I visited Iceland on a three day stopover en route to Oslo and Germany, making use of the convenient Iceland Air direct Denver-to-Keflavik route that drops you in Iceland in just over 7 hours.
It has only been legal to make beer in Iceland since 1989, so the beer scene is young. By 2014 the culture has evolved into equal parts tradition and new western. The specialty beer bars of Reykjavik, many of which reside in hotel lobbies, offer more than 50 different Icelandic beers for the traveler to choose from. I personally do not find the winter “Juleøl” spiced ales very interesting, so skipped most that I found.
I managed to sample and review more than 30 Icelandic beer during my first short visit. Here I offer my personal top 10.
Einstök Icelandic Toasted Porter
A roast-heavy robust Porter with surprising expression and balance. Savory chocolate, roasted grains, German chocolate fudge cake, mild lactose / yeast, a charred campfire wood character, even a salty brine quality... all wrapped up in a savory, full body. It’s actually one of the few stout/porter at regular weight which seem strange to get so much character simply from malt. Lightly sweet with a beefy malt mouth feel, medium bitterness, a bit of roast / char astringency, medium to high carbonation. Pepper, roast heavy, a little inky, very chocolately but entirely malt-derived. Icelanders should be commended for this and the Borg porter, two of the most flavorful and well-balanced beers I had during my trip, each made without adjuncts or flavorings and at a reasonable gravity. From bottle at Keflavik Airport.
Borg Myrkvi Nr. 13
Bottle at Ölstofa in Reykjavik. A lot of chocolate malt with some roast and black patent char / inkiness. Smooth carbonation with creamy, milky, soft malt. Dark chocolate syrup character, medium to low sweetness, decadent and savory, well balanced, lacks flaws. One of the few Icelandic beers I would drink regularly.
bottle in crock. gravel / mineral / calcium deposits on plumping pipes, that sort of smell. more grain husks, charred wood and acetic acid shows up as it opens. rich and full bodied. expected chocolate syrup, chocolate chews and roast. char or smoke is mild. salted chocolate and caramel layered dessert comes to mind.
5% Premium Lager
5% Premium Lager
Bottle best by Dec 2013. Lightly hazed gold with a short head. Lemon / spice spalt-like hop aroma with quiet pale malt / biscuit character. Effervescent carbonation with mild prickly hop acids give it a lot of vibrancy, and the fermentation is clean and the malt expressed well. It’s a little more full-bodied than most lagers / pilsners. As it opens there’s some faint dirtiness / chemical notes but they are quiet enough and outshined by the hop juiciness. Solid lager. Whatever problems they had with previous batches have been resolved. This newer batch (gold label) is quite clean, well-balanced, expressive and drinkable in large amounts.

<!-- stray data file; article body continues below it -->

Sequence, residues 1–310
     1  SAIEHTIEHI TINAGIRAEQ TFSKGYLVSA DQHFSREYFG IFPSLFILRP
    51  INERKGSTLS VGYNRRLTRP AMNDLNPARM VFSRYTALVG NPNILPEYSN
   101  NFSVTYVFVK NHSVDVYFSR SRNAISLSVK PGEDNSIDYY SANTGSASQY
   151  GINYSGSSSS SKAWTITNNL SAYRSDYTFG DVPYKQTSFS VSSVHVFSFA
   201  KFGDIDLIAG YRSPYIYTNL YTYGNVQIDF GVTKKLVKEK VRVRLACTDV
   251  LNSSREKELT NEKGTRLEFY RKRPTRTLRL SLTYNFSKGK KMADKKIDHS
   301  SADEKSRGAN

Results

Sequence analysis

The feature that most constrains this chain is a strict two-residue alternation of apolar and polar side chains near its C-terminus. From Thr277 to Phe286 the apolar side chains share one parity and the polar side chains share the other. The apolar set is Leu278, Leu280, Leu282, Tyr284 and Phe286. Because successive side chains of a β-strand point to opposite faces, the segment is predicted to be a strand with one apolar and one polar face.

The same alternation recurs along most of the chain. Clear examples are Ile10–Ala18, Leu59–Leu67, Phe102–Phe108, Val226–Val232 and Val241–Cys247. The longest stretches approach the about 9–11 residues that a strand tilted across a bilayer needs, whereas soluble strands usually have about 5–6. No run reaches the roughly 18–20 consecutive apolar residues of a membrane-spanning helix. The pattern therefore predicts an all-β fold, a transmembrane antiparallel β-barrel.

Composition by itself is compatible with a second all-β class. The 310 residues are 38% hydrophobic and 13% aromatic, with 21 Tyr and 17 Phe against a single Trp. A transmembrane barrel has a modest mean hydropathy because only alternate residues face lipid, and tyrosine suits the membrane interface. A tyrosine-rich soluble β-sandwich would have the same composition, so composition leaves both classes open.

Einstök Icelandic Doppelbock
A clean and malty Icelandic bock with a rich and sweet cara malt toffee / caramel character. Frothy carbonation, medium-full body, bready, a little doughy, soft and savory with a peppery finish. Clean and flavorful, though not a very exciting or expressive beer. Much better than the two American-made bocks tried against.
Ölvisholt Fósturlandsins Freyja
4.5% Wheat Ale
4.5% Wheat Ale
Bottle. Hazy weizen appearance with a thin head. Mild coriander spice and fruit peel with light phenols. Sweet, a bit tart with a light body, low bitterness and a growing chamomile tea character. Mildly salivating acidity. Quite good with no noticeable flaws and all of the components seem well-expressed and well-matched.
Viking Íslenskur Úrvals Stout
Bottle dated October 2013. Dark brown body is more like a brown porter or brown ale than a stout. Roasted barley, dark chocolate and starchy malt-forward aroma with notes of fish scales and accents of black patent char that show through when it opens a bit. Medium-light body, nicely dry, some starch / husk character but it’s minor. Not coffee like but certainly focusing on roasted barley. Not complex or layered but well-executed and respectable and definitely drinkable in quantity if I’m in the right mood.
Black Death Beer
5.8% Baltic Porter
5.8% Baltic Porter
Botte. Chocolate / roast-focused nose with light yeast powder, minerals and lactose notes. Low sweetness, medium bitterness, low acidity. Creamy, smooth and soft body. Medium body, decently toasty, lots of cocoa powder character, some mild char but no roast astringency. Mild flavored, a bit basic, but nothing terrible going on and nothing exciting either.
Borg Snorri Nr. 10
Bottle. Lightly hazed gold with a short white head. Lemon balm, lemongrass, wheat, coriander / soap and potpourri aroma (I think it’s actually angelica, but I don’t have experience with angelica) . Medium body, a bit thin in the back, and had a strange oily mouthfeel, but to it’s credit it is very expressive and zesty, just overspiced for me.
Bruggsmidjan Kaldi Dökkur
Bottle. Clear chestnut brown. Stale dark crackers and bread aroma with a small bit dry dog food. No hop aroma. Light body. Toaster bread crumb malt. Wet dog hair and mineral water. Metal flakes and red apple skins. Low sweetness, low bitterness, fizzy carbonation.
BJCP-certified beer judge, photographer, and software developer from Boulder, Colorado. I use this site to chronicle my worldwide beer adventures shared through photography and stories, with a focus on traditional old world brewing practices.